Rural representation and belonging: thoughts from Great Blasket Island

Contributed by Christina Noble (The James Hutton Institute)

Cottages on Great Blasket Island

Earlier this year in a pre-Covid-19 Ireland, a job advert for working and living on a remote island for six months off the coast of Co. Kerry went viral attracting over 24,000 job applications from around the world. The advert was pitched as a ‘dream job’, advertising a unique once-in-a lifetime opportunity to be caretaker(s) of the few holiday cottages available for visitors and the café on the Great Blasket Island. The previous couple who had taken up the post cautioned that there was a notable downside to the position [1]. Their decision to share photos and videos from their time on the island was largely well received, but was sometimes met with negative feedback from those who felt the couple were commercialising the island and risking increasing tourist numbers when they had no apparent ‘claim’ to do so. The comments also spoke of the couple’s lack of Gaelic language skills which strongly suggested they had less right than a native Gaelic speaker over sharing their images and posts of the island. The Blasket Islands were home to a Gaelic speaking community that was disbanded in 1953 due to a diminishing population, aided by increasing emigration.

Moving and relocating to a remote island for a certain time I’m sure is not something one usually does without some research or realisation that maybe this might be a challenge? This is no doubt partly the appeal, a desire to escape everyday life for a time, but for those who live and work more permanently in not only island communities but other remote and rural places, that sense of ‘escapism’ probably seems a world away and what places mean for some will be different to others. This also serves as a reminder that within rural places, movement of whatever kind whether incoming or outgoing is perhaps felt more keenly as numbers here matter.

View from Great Blasket Island

My PhD research took me to the western and southern counties of Ireland, including Co. Kerry, meeting with return migrants who were individuals who had grown up in Ireland, emigrated, and returned back during the mid-90s and 2000s. The majority too, importantly returned to the villages and rural areas where they grew up. I was keen to explore what return migration actually means for those who move, their sense of belonging and identity and this in turn led me to think more about the importance of rural Ireland to their reasons for return. Nearly all of the participants interviewed after being back in Ireland felt they were caught between different places and times, and it took a few years to feel that they were belonging to that place once again. Often the images and their ideas of the places that they were returning to didn’t match up neatly with the reality, and often in less tangible ways such as the rhythms of daily life. The participants themselves reflected that they were Irish alright but within a specific place or community sometimes not local enough, nor, fully a newcomer.  Being caught between two different places was unsettling and any idea of an easy return was swiftly quashed. It also threw into question our tendency to imagine a return as permanent, removing the potential to move again.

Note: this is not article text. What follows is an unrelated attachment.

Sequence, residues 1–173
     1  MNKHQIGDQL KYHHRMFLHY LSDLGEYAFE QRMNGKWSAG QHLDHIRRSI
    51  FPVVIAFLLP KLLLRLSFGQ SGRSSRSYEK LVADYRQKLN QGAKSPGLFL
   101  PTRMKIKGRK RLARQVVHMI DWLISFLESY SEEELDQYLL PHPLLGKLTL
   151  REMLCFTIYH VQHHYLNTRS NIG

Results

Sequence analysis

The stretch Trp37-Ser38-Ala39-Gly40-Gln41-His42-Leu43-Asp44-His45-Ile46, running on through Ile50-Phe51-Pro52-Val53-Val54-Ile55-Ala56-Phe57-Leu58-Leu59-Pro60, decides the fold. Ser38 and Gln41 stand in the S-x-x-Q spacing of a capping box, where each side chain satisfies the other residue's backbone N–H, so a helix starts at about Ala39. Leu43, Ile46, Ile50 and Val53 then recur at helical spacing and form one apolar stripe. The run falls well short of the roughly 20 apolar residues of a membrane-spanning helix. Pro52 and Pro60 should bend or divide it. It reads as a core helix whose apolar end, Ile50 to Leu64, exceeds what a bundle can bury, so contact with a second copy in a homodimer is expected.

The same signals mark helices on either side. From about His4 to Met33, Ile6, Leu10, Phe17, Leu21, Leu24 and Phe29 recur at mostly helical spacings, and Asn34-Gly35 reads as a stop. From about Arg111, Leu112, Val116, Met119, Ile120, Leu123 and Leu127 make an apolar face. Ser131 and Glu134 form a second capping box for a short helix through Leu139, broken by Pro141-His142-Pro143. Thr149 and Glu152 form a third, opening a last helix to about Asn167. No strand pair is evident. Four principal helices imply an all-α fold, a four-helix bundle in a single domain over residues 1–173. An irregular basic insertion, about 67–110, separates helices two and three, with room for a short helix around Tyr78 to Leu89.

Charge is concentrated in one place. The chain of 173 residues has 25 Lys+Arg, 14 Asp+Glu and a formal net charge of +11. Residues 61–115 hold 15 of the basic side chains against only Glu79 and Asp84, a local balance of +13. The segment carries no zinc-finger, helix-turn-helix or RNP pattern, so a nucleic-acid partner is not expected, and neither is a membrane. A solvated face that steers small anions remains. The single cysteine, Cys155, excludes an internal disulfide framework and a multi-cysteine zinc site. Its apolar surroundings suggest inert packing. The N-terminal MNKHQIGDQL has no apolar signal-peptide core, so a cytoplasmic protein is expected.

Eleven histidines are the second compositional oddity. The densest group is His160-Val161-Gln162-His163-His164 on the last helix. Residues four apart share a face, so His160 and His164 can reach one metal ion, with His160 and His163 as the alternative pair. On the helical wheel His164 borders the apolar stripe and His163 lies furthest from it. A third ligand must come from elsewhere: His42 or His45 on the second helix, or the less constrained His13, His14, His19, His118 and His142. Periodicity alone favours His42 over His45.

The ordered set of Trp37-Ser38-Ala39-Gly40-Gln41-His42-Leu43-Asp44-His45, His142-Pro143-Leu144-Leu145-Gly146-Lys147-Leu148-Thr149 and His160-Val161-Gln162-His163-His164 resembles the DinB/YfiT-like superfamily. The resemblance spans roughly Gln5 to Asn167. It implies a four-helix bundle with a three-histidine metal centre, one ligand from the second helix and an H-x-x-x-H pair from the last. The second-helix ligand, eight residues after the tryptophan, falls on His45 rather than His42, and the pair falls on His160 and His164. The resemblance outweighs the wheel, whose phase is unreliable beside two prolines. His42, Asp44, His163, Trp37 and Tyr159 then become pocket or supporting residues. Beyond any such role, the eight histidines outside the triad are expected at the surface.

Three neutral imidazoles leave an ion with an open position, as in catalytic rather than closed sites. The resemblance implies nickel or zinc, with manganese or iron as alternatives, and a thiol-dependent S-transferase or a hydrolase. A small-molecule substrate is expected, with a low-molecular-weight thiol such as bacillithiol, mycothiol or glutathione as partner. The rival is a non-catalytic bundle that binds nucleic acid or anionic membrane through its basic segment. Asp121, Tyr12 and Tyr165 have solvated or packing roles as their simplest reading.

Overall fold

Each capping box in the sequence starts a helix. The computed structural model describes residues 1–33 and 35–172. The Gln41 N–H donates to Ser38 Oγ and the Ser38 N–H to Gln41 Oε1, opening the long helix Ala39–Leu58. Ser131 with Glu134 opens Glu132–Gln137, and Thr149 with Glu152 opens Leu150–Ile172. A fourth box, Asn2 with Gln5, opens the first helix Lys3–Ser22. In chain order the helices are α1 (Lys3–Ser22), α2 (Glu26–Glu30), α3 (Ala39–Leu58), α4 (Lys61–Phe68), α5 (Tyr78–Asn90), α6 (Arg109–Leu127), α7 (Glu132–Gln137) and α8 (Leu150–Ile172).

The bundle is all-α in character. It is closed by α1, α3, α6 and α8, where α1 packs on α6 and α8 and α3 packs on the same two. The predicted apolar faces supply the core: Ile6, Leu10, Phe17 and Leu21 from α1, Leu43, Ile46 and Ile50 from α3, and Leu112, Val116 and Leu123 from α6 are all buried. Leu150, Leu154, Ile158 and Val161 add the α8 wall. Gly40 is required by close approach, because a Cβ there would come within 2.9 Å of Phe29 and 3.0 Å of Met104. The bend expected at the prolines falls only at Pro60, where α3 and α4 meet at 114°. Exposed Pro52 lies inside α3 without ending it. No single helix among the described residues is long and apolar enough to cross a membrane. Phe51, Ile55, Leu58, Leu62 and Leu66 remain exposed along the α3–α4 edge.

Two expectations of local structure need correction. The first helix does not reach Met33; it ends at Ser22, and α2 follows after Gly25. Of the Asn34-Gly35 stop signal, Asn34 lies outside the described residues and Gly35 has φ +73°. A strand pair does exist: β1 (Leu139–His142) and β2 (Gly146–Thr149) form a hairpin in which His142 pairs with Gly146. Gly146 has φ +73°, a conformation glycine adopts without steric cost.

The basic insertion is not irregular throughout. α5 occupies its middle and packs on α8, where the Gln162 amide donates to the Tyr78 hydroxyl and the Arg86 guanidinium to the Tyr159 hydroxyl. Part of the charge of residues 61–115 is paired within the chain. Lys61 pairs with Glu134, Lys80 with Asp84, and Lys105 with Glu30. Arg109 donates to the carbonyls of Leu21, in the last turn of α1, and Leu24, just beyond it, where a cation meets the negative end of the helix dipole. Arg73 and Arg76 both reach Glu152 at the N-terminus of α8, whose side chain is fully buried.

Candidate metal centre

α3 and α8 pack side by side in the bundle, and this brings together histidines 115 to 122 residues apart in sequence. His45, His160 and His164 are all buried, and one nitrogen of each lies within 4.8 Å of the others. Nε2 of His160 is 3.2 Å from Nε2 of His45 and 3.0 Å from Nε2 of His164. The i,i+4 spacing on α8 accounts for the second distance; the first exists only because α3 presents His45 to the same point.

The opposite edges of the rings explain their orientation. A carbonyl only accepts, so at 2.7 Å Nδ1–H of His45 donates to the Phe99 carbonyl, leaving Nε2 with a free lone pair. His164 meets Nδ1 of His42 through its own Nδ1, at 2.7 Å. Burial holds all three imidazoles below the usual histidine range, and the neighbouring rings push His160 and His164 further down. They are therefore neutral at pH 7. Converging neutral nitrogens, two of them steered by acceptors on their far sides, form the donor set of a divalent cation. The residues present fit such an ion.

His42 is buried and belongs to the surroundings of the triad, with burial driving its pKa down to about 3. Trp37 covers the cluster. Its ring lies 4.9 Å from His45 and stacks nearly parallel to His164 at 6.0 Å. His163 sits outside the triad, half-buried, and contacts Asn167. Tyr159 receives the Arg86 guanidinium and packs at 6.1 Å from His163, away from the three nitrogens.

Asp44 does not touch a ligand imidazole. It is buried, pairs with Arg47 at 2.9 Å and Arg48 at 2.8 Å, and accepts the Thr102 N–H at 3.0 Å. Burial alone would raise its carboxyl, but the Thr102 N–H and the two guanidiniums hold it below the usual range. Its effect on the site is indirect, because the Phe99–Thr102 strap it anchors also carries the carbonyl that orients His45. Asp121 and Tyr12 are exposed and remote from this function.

A study in Whalsay, Shetland in 1980, saw Cohen reflect upon what it means to belong to a place, to be a part of the community, which he summarised as being part of a jigsaw puzzle. Everyone is part of a whole, so that if one piece is missing, it is felt by everyone. Whilst the jigsaw analogy can get sticky when we think about new pieces and changes over time, it does help to think how a singular act can have further reaching consequences. For the Blasket Islands, and a lot of rural Ireland so deeply affected by the legacy of emigration, movement of any kind can evoke deeply emotive feelings.  Yet, there is a marked difference between a visitor for a day or two and someone planning to relocate for the foreseeable future. Furthermore rural places are themselves never static to begin with, and you can be certain of change regardless, it just may come about at a different pace.

[1] Job advert was placed on Facebook before going viral. Article from Boland, R., (2019) Six months on the Blasket: ‘People accused us of ruining it’ in the Irish Times, available at [Accessed 26.02.2020]

2 Replies to “Rural representation and belonging: thoughts from Great Blasket Island”

  1. This is a fascinating in-depth piece of research! It is very satisfying in this day and age when our digital world and other factors compel us to get faster and faster in our thoughts and actions. Reading a comment like this is very rewarding: full of insight and enriching.

    1. My grandfather and grandmother and my father and mother and brother were born there too. My mother had alot of intersting story when i was young about her life li found her life very different very unique.she left the island when she was teenager and worked in dublin.which she enjoyed and she loved to travel…

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